HP Envy 4 review
HP’s Envy 4 is a compact Ultrabook with a 14in screen. It retains the same black brushed metal and red rubberised plastic styling, as the rest of the Envy range, giving it a luxurious look and feel.
Open the lid and the monochrome colour scheme continues underneath, with black keyboard tray and metal-effect touchpad. Silver edging around the touchpad cheapens the look a little, but it’s otherwise very easy on the eye. There's no backlight for the keyboard, but the full size Chiclet-style keys are comfortable to type on thanks to sensible spacing and springy actions that bounce back quickly. HP has re-assigned the function keys to proprietary shortcuts, but they can be disabled through the BIOS so you can use Windows shortcuts more easily.
The touchpad was accurate and responsive too, recognising multi-touch gestures and comfortably navigating the Windows desktop. A double-tap to the top left corner disables it, in case you prefer using a mouse.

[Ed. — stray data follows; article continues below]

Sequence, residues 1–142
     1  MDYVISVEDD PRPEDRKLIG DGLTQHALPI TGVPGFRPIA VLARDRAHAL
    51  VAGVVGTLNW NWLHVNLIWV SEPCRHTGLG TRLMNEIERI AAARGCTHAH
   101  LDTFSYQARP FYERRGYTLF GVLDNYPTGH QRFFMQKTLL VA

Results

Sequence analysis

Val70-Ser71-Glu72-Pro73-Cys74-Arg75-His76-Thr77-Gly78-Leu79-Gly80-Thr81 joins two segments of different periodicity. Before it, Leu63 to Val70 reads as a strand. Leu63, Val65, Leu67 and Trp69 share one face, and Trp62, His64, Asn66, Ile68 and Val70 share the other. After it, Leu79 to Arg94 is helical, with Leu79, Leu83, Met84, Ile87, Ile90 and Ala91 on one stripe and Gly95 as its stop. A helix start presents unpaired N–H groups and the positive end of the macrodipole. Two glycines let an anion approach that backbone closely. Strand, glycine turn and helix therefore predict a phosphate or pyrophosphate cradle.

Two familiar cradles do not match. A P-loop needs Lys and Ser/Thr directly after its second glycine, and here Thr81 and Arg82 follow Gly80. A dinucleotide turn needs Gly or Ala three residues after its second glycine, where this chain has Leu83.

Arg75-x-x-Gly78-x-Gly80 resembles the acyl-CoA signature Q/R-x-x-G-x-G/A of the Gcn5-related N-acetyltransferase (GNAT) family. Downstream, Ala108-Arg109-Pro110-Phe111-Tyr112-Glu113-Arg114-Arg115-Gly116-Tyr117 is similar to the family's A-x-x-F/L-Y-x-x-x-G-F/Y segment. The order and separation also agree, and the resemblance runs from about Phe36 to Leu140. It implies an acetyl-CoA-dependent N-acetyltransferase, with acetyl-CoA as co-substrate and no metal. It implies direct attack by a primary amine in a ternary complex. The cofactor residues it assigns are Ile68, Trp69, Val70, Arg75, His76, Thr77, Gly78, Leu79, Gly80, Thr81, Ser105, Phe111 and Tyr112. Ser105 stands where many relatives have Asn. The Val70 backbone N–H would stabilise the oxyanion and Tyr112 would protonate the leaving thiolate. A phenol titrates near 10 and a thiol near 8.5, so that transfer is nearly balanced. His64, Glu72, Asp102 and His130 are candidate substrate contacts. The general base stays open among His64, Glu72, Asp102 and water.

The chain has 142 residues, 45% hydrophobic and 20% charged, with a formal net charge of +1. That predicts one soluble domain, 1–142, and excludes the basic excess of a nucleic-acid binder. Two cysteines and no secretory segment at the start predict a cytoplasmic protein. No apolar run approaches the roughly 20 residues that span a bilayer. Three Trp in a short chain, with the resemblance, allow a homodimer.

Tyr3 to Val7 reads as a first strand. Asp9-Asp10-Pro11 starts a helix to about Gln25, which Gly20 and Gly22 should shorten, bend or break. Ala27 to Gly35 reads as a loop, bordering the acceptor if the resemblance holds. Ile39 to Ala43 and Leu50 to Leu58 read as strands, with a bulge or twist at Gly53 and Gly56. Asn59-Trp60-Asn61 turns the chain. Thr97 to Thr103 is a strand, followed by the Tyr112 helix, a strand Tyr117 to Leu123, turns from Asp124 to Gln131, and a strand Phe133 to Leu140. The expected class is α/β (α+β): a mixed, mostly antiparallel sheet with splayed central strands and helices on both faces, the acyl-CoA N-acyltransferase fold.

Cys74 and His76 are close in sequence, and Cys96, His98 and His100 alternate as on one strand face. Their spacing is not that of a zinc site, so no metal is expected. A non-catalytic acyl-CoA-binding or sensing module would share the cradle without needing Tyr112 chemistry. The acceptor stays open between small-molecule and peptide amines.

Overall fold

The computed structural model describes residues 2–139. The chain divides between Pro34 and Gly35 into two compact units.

The 14in chassis is well matched with a 1,366x768 display, even if it’s a fairly standard TN panel. HP has prioritised colour vibrancy rather than reflection reduction by using a glossy screen finish – it certainly makes images look bright and colourful, but in a bright room or direct sunlight it can be difficult to see what’s on-screen. There’s a reasonable amount of tilt, but poor viewing angles leave little room to manoeuvre. Brightness was only average, making it difficult to spot details in some of our darker test photos.
Sound quality was slightly more impressive. Beats Audio might appeal to a certain demographic, although it’s barely any different to applying an equalizer pre-set in the audio driver, but HP has also paid more attention to its speakers than other Ultrabook manufacturers. A small low frequency speaker produces better bass than the competition, although it’s still lacking compared to a desktop speaker system or pair of headphones.
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